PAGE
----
Payne Capital Management's Michelle McKinnon and EventShares Chief Investment Officer Ben Phillips on Google employees staging a walkout to protest sexual misconduct allegations at the company and the outlook for the tech sector.
"Google has never required confidentiality in the arbitration process and arbitration still may be the best path for a number of reasons (e.g. personal privacy) but, we recognise that choice should be up to you", Mr Pichai wrote. "It's clear we need to make some changes", Pichai stated in his emailed memo.More news: With poo on the podium, Bill Gates talks toilet technology
"Going forward, we will provide more transparency on how we handle concerns", Pichai said in a note addressed to employees.
Among the measures announced are the introduction of optional arbitration for individual sexual harassment and sexual assault claims.
The company said it will no longer require mandatory arbitration of sexual misconduct allegations and will provide more details about sexual misconduct cases in internal reports.More news: Paul Pogba says beating Juventus was unusual
"But the issues that contributed to the walkout at Google - the company's controversial work with the Pentagon on artificial intelligence, its apparent willingness to build a censored search engine for China, and above all its handling of sexual harassment accusations against senior managers - proved too large for any one worker to confront alone, even if that worker made mid-six figures", he continued.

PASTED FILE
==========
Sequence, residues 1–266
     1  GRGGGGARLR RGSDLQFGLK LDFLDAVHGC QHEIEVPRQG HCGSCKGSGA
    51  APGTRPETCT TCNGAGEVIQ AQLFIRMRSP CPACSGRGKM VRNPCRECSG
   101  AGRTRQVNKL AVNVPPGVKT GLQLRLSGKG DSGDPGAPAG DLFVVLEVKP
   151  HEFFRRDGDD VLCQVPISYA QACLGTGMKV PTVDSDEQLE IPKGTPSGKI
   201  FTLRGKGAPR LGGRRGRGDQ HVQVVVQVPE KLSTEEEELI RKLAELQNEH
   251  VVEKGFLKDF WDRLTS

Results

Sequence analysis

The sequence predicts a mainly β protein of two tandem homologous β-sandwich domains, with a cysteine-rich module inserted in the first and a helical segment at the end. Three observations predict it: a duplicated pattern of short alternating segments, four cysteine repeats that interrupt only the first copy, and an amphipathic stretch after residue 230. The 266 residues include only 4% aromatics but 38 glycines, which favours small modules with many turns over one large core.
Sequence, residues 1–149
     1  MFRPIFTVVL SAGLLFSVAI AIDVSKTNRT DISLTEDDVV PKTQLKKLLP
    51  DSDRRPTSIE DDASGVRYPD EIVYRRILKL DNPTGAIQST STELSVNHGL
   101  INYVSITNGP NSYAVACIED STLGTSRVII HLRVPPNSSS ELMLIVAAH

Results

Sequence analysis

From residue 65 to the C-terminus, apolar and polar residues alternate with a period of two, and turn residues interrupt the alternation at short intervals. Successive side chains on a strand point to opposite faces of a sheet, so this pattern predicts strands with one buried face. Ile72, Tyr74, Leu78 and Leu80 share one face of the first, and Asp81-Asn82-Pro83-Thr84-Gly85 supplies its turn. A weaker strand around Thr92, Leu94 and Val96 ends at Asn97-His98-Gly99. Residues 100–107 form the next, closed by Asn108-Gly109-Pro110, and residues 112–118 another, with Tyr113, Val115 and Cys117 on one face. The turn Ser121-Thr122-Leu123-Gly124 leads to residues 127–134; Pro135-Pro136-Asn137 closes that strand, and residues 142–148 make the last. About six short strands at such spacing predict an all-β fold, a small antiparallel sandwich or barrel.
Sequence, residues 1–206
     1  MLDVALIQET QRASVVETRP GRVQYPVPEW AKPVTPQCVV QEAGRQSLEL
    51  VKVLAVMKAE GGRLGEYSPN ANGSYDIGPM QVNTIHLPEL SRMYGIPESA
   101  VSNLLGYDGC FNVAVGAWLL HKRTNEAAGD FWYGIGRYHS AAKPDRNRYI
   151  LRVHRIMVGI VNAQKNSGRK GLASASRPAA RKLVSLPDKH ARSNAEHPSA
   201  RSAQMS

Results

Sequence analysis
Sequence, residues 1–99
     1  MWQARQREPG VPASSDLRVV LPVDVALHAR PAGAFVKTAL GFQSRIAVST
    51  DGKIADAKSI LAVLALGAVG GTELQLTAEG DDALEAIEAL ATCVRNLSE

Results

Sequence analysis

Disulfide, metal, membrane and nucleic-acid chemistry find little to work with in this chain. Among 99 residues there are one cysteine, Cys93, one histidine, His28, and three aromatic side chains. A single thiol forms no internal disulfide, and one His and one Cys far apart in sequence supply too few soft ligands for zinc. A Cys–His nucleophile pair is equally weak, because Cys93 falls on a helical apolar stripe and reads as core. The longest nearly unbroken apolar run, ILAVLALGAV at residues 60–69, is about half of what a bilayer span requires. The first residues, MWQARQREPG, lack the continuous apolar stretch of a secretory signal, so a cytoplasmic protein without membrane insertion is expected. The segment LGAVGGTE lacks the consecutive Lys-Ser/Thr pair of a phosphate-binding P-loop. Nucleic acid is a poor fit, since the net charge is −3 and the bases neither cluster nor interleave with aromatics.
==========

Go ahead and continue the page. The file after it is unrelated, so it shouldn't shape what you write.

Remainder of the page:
The protest began last week after The New York Times reported on allegations of sexual misconduct about Andy Rubin, the creator of Google's Android software, who allegedly received a $90 million severance package in 2014 after Google concluded the assault claims were credible. That's happening externally, with increased scrutiny by regulators and politicians, and internally with reports and rising complaints about Google's permissive culture when it comes to executive conduct and relationships with co-workers.
CEO Sundar Pichai spelled out the concessions in an email sent Thursday to Google employees.More news: Rihanna Tells Donald Trump to Stop Playing Her Music at Rallies
But the Tech Workers Coalition, which backed last week's action, said the measures did not go almost far enough, particularly where it related to contractors who worked with the firm.